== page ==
the Kinect's long term durability and ability to anchor a "must play"
Xbox One's Kinect based Rare title is Kinect Sports Rivals
which is unreleased but a free playable demo is available. Using the free demo, Rare hosted a worldwide
contest for wake racing throughout February 2014 with in-game prizes for the
inhabitants of the winning country (New Zealand was the victor). Even without the demo, Rare keeps its Twitter
active with a weekly Rare themed cake picture, engages in obscure Rare trivia,
and interacts with their followers. But
the most impressive accomplishment?
This past Friday's cake was a goodbye to an employee, Mike, who is moving to Spain with a Banjo-Mike (in lieu of Banjo-Kazooie).
I have not yet had the pleasure (or the finances while I
plan my wedding) to upgrade to the next console generation. But I can tell you that Kinect Sports Rivals
releases on April 8, 2014 because of Rare's active and interesting Twitter feed. Congrats Rare, your Twitter account got
me. Good luck on April 8!
(Gamer pro tip for wedding planning: When your fiancée agrees that you can include
an Xbox One in the wedding registry do not later refer to your wedding day as "the
day I get an Xbox One." Trust me on
Xbox Support, @XboxSupport
Xbox is on Twitter @XboxSupport and boasts "Guinness World
Record Holder: Most Responsive Brand on Twitter!" This claim may in fact be true based on my
own experience and the fact that I abhor making telephone calls to customer
service hotlines for a variety of reasons.
I bought the season pass for Telltale Games' The Wolf Among
Us which gives me access to episodes 2, 3, 4, and 5 for the price of 3 episodes. The Wolf Among Us, Episode Two: Smoke and
Mirrors became available on the Xbox 360 on February 5, 2014. On February 6, 2014 I bought the season pass
for $14.99 but upon queuing the download for episode 2 I was prompted to pay
the $4.99 cost for individual episodes.
On the same day of episode two's release, Xbox Support
informed gamers via Twitter that Xbox was investigating the bug that many were
experiencing where The Wolf Among Us season pass holders could not download
episode 2 without paying for the episode again.
By the next day Xbox Support instituted a short term solution of
providing season pass owners with a redeemable code for episode 2 and asked all
impacted by the bug to wait 48 hours for their code.
After 2 days, I didn't receive my code and faced with the
dilemma of paying for the season pass but unable to download episode 2 without
paying an additional cost, I considered my options. I abhor making telephone calls to customer
service hotlines for a variety of reasons and I also did not want to wait
further for episode 2. So, I sent a
Within minutes I received a response. Constricted to 140 characters I exchanged
several tweets with @XboxSupport in roughly the same amount of time I would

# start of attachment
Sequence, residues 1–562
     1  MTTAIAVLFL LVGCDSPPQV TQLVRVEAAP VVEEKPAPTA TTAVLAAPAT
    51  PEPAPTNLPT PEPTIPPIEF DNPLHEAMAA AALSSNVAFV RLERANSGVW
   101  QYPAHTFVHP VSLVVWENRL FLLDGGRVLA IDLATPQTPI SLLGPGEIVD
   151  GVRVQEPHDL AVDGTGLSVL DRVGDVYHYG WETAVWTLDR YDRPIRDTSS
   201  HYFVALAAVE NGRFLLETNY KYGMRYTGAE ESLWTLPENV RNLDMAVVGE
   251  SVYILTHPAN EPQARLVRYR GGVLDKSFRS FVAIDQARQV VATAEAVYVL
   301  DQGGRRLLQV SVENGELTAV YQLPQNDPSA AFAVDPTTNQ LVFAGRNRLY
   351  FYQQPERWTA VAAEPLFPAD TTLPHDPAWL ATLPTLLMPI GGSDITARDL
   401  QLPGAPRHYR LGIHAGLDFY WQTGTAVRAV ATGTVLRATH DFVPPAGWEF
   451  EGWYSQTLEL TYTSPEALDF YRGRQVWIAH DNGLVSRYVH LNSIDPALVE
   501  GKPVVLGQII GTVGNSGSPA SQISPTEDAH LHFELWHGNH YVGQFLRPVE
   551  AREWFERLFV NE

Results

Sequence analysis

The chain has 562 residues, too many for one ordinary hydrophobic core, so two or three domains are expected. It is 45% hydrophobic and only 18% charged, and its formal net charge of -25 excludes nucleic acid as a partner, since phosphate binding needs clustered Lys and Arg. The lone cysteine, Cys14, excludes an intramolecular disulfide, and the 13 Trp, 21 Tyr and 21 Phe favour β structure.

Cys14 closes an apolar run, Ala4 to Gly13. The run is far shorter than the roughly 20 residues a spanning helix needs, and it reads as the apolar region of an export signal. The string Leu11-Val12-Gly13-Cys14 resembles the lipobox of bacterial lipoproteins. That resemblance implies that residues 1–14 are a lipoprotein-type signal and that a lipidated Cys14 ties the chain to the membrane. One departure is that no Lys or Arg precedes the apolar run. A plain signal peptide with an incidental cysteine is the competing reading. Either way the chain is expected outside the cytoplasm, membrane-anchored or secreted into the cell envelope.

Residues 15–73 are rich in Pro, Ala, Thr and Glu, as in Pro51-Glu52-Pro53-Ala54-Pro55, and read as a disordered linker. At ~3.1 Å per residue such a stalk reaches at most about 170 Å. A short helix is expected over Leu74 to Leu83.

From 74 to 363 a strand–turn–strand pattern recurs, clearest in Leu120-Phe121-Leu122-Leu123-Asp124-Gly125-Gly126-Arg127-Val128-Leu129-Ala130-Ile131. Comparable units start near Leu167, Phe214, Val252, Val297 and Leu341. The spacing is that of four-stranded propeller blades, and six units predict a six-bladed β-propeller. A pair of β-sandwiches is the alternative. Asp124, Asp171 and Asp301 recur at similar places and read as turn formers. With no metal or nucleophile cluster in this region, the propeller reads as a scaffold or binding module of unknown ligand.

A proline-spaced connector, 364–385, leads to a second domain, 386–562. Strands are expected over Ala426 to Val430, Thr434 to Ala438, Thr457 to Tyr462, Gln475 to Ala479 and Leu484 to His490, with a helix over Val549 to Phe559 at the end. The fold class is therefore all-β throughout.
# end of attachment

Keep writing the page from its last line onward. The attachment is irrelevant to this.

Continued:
spend on hold while on the telephone.
Instead of listening to customer service's music on a loop, I checked my
Twitter from my smartphone and responded accordingly while I continued my
day. By the end of the day I received a
code for episode 2 which downloaded flawlessly.
My only problem? I had an early
morning the next morning and I did not have the time to begin playing the
game. Overall, the solution was a series
of tweets and an e-mail with my account information.
Respawn Entertainment (Titanfall), @Respawn
@Respawn is "The Official Twitter Feed of Respawn
Entertainment, creators of Titanfall."
The game developer was famously interactive with Titanfall's players
during the recent Titanfall beta.
Information releases continue trickling through @Respawn as well as the
Twitter accounts of multiple Respawn employees.
Official announcements are even disclosed through the various Respawn Twitter
accounts such as Vince Zampella @VinceZampella (co-founder of Respawn and
co-creator of the Call of Duty franchise) tweeting "About playing early: We won't
stop or ban legit copies. It is
prelaunch, so there may be interruptions in service as we prep servers." The information made headlines at many video
game news outlets.
In a Titanfall fun fact Mr. Zampella tweeted that he is
curious who will receive the numbered 1 copy of Titanfall's Collector's
Edition, he has number 34.
Personally, I stumbled onto the Twitter conversation below
Matthew Everett, Electronic Arts' Community Manager for Titanfall, and Abbie
Heppe, the Community Manager for Respawn Entertainment.
I am Megan Hammond, @rhia29, and I voiced my support for a
subtitled English Titanfall trailer. Mr. Everett positively responded to my comment. While his
response is no guarantee, it is both a response and attempt at adding subtitles
to Titanfall's trailer. I am
Clearly I am an Xbox gamer given my Twitter examples but
nevertheless gaming is gaming. Twitter
is perfect for quick answers to gamers' burning questions, for continuing the
conversation long after and long before the game's release, as well as for validating players' questions
Plus, I got a Twitter favorite from Respawn!
Are you on Twitter?
Do you use social media to follow up on your favorite games?
What is your preferred social media avenue for connecting with your favorite game developers?